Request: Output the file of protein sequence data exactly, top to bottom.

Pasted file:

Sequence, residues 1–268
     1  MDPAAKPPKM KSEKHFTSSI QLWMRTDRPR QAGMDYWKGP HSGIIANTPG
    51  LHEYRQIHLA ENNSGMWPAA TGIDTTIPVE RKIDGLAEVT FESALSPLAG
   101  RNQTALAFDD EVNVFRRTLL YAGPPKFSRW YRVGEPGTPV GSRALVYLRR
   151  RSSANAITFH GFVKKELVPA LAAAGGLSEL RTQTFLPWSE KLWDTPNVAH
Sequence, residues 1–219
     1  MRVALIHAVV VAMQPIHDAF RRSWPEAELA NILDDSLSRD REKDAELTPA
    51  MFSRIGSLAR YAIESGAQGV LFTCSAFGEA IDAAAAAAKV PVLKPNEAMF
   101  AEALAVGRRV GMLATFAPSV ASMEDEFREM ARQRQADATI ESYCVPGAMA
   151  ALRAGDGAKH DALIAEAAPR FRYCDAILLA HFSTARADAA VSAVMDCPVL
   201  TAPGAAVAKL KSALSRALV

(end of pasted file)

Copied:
Sequence, residues 1–268
     1  MDPAAKPPKM KSEKHFTSSI QLWMRTDRPR QAGMDYWKGP HSGIIANTPG
    51  LHEYRQIHLA ENNSGMWPAA TGIDTTIPVE RKIDGLAEVT FESALSPLAG
   101  RNQTALAFDD EVNVFRRTLL YAGPPKFSRW YRVGEPGTPV GSRALVYLRR
   151  RSSANAITFH GFVKKELVPA LAAAGGLSEL RTQTFLPWSE KLWDTPNVAH
Sequence, residues 1–219
     1  MRVALIHAVV VAMQPIHDAF RRSWPEAELA NILDDSLSRD REKDAELTPA
    51  MFSRIGSLAR YAIESGAQGV LFTCSAFGEA IDAAAAAAKV PVLKPNEAMF
   101  AEALAVGRRV GMLATFAPSV ASMEDEFREM ARQRQADATI ESYCVPGAMA
   151  ALRAGDGAKH DALIAEAAPR FRYCDAILLA HFSTARADAA VSAVMDCPVL
   201  TAPGAAVAKL KSALSRALV